Written on May 23, 2013 at 5:30 am , by Whitney Curtis
With the warm weather that has quickly covered the southern states, our whole neighborhood is now out and and about all the time! I was chatting with my across-the-street-neighbor a few days ago and we started talking about doing a block party for our street to get everybody together and celebrating the start of summer. I immediately dreamed up a few table set ups and lantern hanging spots for an outdoor gathering. Of course, true form for a gardener, I’m looking for concrete and terra cotta pots and lots of plant life to decorate the tables! Doesn’t this white, blue and yellow color scheme just feel like summer? I love it. Keep scrolling to see how you can get the look!
I love the whole outdoor party setting, don’t you? Colorful lanterns, lots of plants, and bright chairs around a farmhouse table. Check out the links below to find this look! Here’s another farmhouse table option and you can always D-I-Y!
Written on May 16, 2013 at 5:30 am , by Whitney Curtis
One of my favorite colorful additions to a shade garden is the tall and funny-shaped foxglove. When I first started gardening, I was a little bummed that having a backyard full of trees meant that I would miss out on the colorful bursts of bright day lilies, poppies and coneflowers that would flourish in a sunny spot. I found a pleasant surprise this spring when the non-blooming foxglove I planted last summer shot quickly out of the ground in all its purple glory!
Up against a sea of fern and Solomon’s Seal greenery, this little flower has quickly provided great color inspiration for me to try to build on. I’m already planning where I’ll add another and what other vibrant shade-loving plants I can find. Astilbe, anyone?
My foxgloves are in rich, well drained soil with only dappled sunlight throughout the day. In my Atlanta, GA garden (Zone 7b-8a) they started blooming in late March and early April. They’re delicate but tough, I think, which is part of their charm. See more planting details on foxglove here.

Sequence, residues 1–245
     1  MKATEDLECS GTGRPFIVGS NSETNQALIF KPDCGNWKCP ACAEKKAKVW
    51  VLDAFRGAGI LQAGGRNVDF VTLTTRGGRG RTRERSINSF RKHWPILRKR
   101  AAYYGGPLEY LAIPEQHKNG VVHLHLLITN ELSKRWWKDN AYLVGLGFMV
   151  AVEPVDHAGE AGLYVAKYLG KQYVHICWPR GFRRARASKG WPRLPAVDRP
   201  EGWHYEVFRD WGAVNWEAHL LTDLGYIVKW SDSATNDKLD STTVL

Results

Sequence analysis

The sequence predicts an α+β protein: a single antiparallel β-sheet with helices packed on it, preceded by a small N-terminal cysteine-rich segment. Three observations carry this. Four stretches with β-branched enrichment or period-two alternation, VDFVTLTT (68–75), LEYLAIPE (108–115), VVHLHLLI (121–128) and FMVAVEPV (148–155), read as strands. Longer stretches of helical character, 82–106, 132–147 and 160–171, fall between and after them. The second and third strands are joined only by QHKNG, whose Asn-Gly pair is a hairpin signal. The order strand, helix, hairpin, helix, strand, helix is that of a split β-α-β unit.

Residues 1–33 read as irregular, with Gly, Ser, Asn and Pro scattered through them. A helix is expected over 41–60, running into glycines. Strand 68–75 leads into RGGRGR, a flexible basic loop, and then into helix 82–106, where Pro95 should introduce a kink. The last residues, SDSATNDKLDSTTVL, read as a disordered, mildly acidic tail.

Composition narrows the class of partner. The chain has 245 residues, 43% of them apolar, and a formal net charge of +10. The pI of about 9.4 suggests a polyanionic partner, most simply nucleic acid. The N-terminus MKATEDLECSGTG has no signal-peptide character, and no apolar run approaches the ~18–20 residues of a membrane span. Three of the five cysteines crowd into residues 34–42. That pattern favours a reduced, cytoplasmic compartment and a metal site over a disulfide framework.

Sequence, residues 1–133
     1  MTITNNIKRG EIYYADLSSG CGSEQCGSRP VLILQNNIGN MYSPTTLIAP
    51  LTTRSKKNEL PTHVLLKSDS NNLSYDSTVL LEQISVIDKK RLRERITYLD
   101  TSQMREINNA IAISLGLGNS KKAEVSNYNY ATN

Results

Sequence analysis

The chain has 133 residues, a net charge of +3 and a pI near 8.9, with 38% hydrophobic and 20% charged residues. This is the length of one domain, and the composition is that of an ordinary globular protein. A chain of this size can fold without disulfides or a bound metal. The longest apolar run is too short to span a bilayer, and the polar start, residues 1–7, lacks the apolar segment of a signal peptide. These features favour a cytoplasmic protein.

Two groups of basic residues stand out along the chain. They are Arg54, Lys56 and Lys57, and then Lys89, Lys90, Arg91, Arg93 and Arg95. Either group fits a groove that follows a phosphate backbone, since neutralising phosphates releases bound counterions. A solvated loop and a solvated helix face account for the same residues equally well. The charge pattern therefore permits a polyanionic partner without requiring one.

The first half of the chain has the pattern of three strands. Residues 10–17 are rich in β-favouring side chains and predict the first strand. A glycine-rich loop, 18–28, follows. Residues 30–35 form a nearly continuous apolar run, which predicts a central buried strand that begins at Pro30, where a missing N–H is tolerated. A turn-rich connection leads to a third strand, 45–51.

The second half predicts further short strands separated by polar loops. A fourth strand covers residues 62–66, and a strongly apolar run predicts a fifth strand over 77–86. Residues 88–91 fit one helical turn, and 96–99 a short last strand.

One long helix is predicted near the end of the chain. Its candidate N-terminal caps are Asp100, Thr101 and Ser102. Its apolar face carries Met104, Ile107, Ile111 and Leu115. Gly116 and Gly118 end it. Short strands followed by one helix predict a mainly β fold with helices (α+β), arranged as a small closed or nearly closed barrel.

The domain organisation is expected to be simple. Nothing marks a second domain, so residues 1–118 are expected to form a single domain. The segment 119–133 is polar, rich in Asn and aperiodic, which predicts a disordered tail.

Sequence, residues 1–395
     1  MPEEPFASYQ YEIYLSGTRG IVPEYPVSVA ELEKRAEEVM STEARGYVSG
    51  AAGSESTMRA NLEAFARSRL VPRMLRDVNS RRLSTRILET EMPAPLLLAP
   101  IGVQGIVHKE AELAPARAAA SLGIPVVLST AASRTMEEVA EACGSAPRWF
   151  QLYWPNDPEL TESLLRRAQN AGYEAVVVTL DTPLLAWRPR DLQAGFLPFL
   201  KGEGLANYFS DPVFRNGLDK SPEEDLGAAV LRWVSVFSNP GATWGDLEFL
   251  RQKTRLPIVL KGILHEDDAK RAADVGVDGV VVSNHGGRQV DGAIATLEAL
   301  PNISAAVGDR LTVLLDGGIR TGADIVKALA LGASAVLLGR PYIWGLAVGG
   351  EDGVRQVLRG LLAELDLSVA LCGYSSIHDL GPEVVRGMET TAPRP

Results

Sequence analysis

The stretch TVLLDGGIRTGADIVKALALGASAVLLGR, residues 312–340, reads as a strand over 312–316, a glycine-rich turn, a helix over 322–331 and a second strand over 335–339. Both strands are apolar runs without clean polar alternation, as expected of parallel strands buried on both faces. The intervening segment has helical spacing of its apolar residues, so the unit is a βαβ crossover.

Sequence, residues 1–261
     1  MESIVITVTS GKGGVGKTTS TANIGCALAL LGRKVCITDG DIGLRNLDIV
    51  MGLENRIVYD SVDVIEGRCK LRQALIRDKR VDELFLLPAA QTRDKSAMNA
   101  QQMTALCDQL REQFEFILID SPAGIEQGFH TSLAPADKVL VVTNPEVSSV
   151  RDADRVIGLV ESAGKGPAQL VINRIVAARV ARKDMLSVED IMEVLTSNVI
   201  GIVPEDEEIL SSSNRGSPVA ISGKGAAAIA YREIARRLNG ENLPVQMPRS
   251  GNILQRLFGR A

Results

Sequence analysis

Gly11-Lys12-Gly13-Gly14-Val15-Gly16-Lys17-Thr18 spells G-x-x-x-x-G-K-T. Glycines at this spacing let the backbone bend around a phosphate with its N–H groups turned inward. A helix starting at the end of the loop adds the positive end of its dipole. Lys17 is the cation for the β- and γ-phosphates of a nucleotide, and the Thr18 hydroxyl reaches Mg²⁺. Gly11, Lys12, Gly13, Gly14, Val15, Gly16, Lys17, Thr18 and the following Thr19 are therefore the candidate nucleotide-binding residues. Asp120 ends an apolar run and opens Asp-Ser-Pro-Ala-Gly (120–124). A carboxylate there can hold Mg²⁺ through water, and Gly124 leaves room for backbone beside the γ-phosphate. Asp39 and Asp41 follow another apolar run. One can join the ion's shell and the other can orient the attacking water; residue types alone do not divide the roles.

Photos by Whitney of The Curtis Casa
Written on May 9, 2013 at 5:30 am , by Whitney Curtis
Hello BHG readers! It’s nice to meet you. I’m Whitney, of the home and garden blog The Curtis Casa, and I am thrilled to be a part of the Everyday Gardeners blog. I’ll be here once a week sharing my gardening inspiration as well as a few tips and tricks I’ve learned in my garden.
When we bought our Atlanta, GA home with its shady backyard almost four years ago, I was surprised to find my favorite home-owning hobby involved playing in the dirt, studying leaf shapes and wondering about the pH of our soil. I really shouldn’t have been so surprised, I grew up with more than a few talented gardeners in my life. Three ladies in particular left indelible marks on my green thumb, Estelle, Beverly and my Mom.
Estelle, we called her “E”, was a sweet elderly lady and frequent babysitter who lived down the street from us when I was a young girl. I toddled through her perfect rows of roses and posed for Easter pictures in front of her monochromatic azaleas. Spending time in E’s garden is etched into my memory. And then there’s Beverly, who was our nanny when my sister came along, and I’ve heard countless stories about the garden adventures she and my Mom got into – installing trellises, cutting holes in sheetrock, digging up plants off the side of the road. Beverly always offers sound advice (I often type out emails from my garden bench) and even sends plants by request from her own garden. The Virginia Bluebells I just planted came straight from Tennessee! And, of course, there’s my Mom. I remember pulling weeds with her in the garden as a little one, for 25 cents a bag. Now, in my garden, Mom and I walk around discussing plants, paths and garden accents. I’m always impressed how she can pull a plant name out of her memory. She’s helping me create our shady garden, and unbeknownst to me until recently, she’s encouraged an enthusiastic gardener, as well. And that story she always tells about caring too well for her beautiful Mexican sage plant, right before it died? Her advice is consistent: “You just have to ignore it for it to grow right.”
I’m using what these ladies taught me daily and I’ve come to realize, gardening is one of those hobbies best spent in the company of others. Especially others whose green thumbs and gardens you admire. Now let’s go get our hands dirty!